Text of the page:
During Climate Week, Governor Hochul announces major progress in modernizing New York City’s largest clean hydropower project, the state’s foundation for carbon-free electricity


NextGen First Digitized Turbine
Launched in July 2019, Next Generation Niagara is a 15-year, $ 1.1 billion modernization and digitization program aimed at significantly extending the life of the Robert Moses Niagara Power Plant in Lewiston. The recently completed installation of new digital controls on the first turbogenerator unit included making the corresponding digital connections to the facility’s control room as part of the overall control room upgrade and overhaul. the plant, and at the plant switching station where power from Niagara is distributed through the New York transmission system. In the switchyard, workers installed digital controls on transformers and circuit breakers corresponding to the modernized turbine. This animation describes the digital links between the generating set, the control room and the switchyard. Work for digitize the first turbine unit, which started last November, is part of a design-build contract that the NYPA Trustees awarded to Burns and McDonnell and includes sub-contracts with Emerson, a global supplier of automation solutions, and Ferguson Electric of Buffalo.

In addition to digitizing the plant’s production units and building a new back-up control room, the Next Generation Niagara initiative includes a full inspection of the Robert Moses plant penstocks, the 485-foot-long hollow pipes and 24 feet in diameter along the face of the project that carries water from the forebay to the turbogenerators; replacement of the 630 tonne crane which allows mechanical work on the turbines; and the overhaul and / or replacement of mechanical components which have reached the end of their useful life.

A planned unit shutdown to digitize the next turbogenerator unit control system as part of the multi-year #NextGenNiagara modernization and digitization project is expected to begin in May 2022.

Senator Kevin Parker said: “Clean, renewable hydropower is one of New York State’s greatest resources. I am happy to celebrate the work that the New York Power Authority is undertaking to ensure that Project Niagara Power continues to provide life-saving energy to New Yorkers and economic support into the future. , as we work to decarbonize our energy system and meet New York’s ambitious clean energy goals. Thanks to NYPA for moving these important upgrade projects forward despite the challenges posed by the pandemic. “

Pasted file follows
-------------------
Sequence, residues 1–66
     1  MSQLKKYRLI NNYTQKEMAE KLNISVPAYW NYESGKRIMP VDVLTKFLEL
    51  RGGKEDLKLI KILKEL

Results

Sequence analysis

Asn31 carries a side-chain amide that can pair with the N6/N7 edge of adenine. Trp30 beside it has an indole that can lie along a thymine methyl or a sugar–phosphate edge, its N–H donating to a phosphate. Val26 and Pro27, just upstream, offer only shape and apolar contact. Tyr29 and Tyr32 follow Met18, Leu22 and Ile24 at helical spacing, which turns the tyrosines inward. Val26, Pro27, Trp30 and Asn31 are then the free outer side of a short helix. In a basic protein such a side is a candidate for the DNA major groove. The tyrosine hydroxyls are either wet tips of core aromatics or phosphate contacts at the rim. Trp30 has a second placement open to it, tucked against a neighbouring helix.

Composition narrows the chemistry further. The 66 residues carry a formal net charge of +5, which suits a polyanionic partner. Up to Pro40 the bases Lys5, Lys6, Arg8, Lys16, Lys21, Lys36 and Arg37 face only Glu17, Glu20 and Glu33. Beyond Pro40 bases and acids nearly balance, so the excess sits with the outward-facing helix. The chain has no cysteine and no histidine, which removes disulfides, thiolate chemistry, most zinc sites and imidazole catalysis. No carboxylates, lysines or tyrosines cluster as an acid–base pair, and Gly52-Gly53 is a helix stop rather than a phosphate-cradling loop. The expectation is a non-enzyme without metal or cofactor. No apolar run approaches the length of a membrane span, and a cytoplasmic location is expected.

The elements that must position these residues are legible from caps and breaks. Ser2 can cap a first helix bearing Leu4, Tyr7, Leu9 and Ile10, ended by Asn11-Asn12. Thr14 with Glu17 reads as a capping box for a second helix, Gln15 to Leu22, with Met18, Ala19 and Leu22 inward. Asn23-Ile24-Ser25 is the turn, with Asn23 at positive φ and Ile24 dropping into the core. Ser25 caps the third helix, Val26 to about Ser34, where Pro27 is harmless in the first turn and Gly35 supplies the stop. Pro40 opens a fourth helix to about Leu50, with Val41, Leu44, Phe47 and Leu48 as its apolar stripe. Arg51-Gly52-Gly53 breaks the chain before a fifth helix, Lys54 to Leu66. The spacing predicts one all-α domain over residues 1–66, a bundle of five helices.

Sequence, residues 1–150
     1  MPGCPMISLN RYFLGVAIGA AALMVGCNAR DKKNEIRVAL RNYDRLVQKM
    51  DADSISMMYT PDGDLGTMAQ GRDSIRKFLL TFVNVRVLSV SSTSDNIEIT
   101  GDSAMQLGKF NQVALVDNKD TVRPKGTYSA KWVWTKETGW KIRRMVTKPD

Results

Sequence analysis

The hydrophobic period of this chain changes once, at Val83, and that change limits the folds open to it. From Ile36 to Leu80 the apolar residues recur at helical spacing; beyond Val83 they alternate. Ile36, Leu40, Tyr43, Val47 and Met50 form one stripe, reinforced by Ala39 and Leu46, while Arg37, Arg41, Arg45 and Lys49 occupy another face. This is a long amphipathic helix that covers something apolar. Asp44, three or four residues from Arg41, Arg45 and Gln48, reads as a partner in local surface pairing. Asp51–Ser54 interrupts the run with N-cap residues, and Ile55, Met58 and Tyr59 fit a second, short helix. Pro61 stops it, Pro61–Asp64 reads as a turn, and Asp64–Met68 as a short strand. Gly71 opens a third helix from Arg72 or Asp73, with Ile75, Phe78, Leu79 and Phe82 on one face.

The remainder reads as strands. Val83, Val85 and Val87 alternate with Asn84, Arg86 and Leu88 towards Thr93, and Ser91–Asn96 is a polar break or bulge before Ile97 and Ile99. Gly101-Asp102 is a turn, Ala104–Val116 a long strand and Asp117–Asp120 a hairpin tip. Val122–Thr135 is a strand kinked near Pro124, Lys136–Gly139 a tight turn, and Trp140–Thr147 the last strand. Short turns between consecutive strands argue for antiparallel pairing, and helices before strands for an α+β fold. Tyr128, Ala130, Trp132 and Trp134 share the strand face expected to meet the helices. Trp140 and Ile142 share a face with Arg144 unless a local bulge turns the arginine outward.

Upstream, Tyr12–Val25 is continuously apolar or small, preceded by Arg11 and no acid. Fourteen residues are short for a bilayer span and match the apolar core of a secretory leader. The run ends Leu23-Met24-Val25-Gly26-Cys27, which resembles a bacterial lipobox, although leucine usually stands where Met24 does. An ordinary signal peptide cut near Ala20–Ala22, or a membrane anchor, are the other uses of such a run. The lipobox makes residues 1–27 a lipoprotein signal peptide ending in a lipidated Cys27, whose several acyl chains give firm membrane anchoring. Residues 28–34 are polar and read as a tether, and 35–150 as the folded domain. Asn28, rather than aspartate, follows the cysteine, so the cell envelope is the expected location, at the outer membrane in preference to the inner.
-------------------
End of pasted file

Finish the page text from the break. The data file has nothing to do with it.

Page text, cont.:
Senate Minority Leader Rob Ortt said: “With this huge investment in the Niagara Power Project, New York State and the New York Power Authority are demonstrating their commitment to the residents of western New York State, businesses in western New York. New York State and the energy of Western New York State. Our region and state are fortunate to have one of the greatest sources of natural energy anywhere in the world, and our ability to harness this energy will allow us to continue to provide local residents and businesses with reliable, clean energy for their lives. coming years. ”

Assembly member Michael J. Cusick said: “As we continue to transition our energy grid to clean renewables, it is critical that we make significant investments in our renewable energy infrastructure. grid of the future. “

Assembly member Angelo Morinello said: The Niagara Power Project has been the flagship of clean, renewable energy in New York State. The multi-year commitment to modernize, digitize and extend the life of this state asset New York will continue to play an important role in providing clean, renewable energy into the future. Thank you Governor Hochul for your vision in championing the future of clean energy. “